[Just curious, Martin: Where did you get the impression that the technique I mentioned is the only one we use, or that it's used to the exclusion of other approaches (e.g. the one you describe)? I used "e.g." as shorthand that indicates "for example"--as in, one of many useful tools in the arsenal. --J.]

  • imajes — 5:03 AM on May 13, 2009

    “Basically, the Finder is becoming irrelevant.”
    Only to people who don’t value their data long term and never ever want to change software. Another view of Apple phasing out Finder is that Apple are being sneaky in trapping you into their software.
    Good file mamagement should be done with file managers and then databse application can parse them and offer their advantages. The problem with database organisation is that you are then very often stuck with that programme/OS for ever. I file my images/music in ways that make perfect sense to all software, all OSs and humans too. I use both platforms and various programmes to access my data. So database only filing is useless there. particularly as the vast majority of programmes need to look through folders/files to open/save/export etc.
    Plus file mangers are better at some things than Databses and vice versa.
    A lot of people are going to be stuffed in years to come when they have to untangle the mess that databases like iPhoto leave files in. It not as if you can rely on ‘standards’ being standard.
    Though ironically LR is very good at untangling such messes than iPhoto makes of your files, into a File manager/human friendly folder structure.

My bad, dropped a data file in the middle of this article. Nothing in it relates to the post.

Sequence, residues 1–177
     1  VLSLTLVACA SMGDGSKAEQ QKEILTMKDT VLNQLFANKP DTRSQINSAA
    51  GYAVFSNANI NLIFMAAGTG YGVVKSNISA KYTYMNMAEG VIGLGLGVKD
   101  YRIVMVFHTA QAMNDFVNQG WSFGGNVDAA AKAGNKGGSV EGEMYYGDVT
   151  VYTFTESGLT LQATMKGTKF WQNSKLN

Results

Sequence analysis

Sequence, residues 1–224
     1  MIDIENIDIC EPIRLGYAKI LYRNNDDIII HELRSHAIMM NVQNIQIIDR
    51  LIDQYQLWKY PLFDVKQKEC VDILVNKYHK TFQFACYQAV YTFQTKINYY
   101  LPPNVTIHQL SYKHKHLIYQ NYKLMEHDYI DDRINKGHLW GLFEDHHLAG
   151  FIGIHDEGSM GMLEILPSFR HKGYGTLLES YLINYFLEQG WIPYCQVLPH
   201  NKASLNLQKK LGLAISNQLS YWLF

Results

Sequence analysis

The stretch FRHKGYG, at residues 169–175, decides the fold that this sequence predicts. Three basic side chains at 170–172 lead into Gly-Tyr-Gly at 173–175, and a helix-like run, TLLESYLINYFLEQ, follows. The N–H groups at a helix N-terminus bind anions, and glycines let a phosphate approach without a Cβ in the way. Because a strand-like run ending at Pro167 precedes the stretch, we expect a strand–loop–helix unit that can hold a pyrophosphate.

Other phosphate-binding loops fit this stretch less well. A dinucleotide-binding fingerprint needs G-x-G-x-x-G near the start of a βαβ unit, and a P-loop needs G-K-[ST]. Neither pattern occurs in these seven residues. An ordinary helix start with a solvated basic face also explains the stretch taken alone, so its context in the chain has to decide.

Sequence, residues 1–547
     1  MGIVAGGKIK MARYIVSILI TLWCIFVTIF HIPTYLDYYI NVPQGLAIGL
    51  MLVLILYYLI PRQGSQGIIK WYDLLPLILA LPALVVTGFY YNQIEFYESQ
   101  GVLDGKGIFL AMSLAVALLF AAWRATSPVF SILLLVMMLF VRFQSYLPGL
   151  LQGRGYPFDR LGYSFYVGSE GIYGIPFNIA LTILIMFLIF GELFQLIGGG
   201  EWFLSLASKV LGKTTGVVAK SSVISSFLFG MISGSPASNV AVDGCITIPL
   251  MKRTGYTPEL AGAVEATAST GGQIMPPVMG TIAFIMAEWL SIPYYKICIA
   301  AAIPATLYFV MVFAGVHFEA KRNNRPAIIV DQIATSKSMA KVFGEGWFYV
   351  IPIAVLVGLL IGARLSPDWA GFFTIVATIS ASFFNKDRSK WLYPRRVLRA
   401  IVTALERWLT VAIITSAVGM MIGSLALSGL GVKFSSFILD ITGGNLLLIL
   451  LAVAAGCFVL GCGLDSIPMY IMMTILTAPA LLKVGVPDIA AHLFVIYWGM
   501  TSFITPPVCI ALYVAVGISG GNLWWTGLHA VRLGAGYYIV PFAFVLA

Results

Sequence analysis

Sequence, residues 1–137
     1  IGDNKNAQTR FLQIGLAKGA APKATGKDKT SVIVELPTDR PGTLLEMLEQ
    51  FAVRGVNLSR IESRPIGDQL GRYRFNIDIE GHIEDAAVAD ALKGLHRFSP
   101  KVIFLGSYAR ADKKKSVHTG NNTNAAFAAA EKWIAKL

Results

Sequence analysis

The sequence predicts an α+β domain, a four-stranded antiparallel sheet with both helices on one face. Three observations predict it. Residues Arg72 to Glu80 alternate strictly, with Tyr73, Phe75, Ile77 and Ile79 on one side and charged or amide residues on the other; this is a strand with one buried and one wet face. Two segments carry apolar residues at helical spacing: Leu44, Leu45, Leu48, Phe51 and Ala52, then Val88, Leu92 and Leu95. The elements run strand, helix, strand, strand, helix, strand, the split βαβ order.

John, I caved in and bought a Mac Tea Tray, which dwarves my cute 13″ laptop, which also has a much better keyboard than the monster.
    [Ah, but if you're like me, you'll keep stroking that sweet unibody metal in an almost creepy way. And in any event, the machine will keep you warm (albeit for 3 hours, not "8"). --J.]

  • imajes — 10:43 AM on May 13, 2009

    “That would be insanity even if the Finder were awesome, because the Finder can never be better than a genreal purpose tool anyway, while Mail can be, and is, specialized to the task.”
    Obviously you’ve never uaed a good File Browser as they are very powerful and very useful time saving tools. And are just as focused as say Mail is, but the focus is File Management as they don’t do anything else, so hardly general purpose.
    Br is a very poweful programme and is a File Browser, Directory Opus is not only the best File Manager [sadly Win only],but quite possibly the best [designed] programme I’ve ever used. It saves me sooooooooo much time compared to Finder or even Path Finder whch I use on the Mac.

  • imajes — 12:16 PM on May 13, 2009

    [Ah, but if you're like me, you'll keep stroking that sweet unibody metal in an almost creepy way. And in any event, the machine will keep you warm (albeit for 3 hours, not "8"). --J.]
    My girlfriend sits with her legs out straight when using laptop and the cats like to claim their spot on her lower extremities. With pole position being with feline head pressed flush against fan outlet and legs under warm laptop.
    I have so many hard drives and things plugged in, in my office, I don’t need heating on even in Winter! That’s UK Winter not Canadian Winter.

  • Martin Briley — 11:55 PM on November 22, 2009

    “Where did you get the impression that the technique I mentioned is the only one we use”
    Where did I say that it was?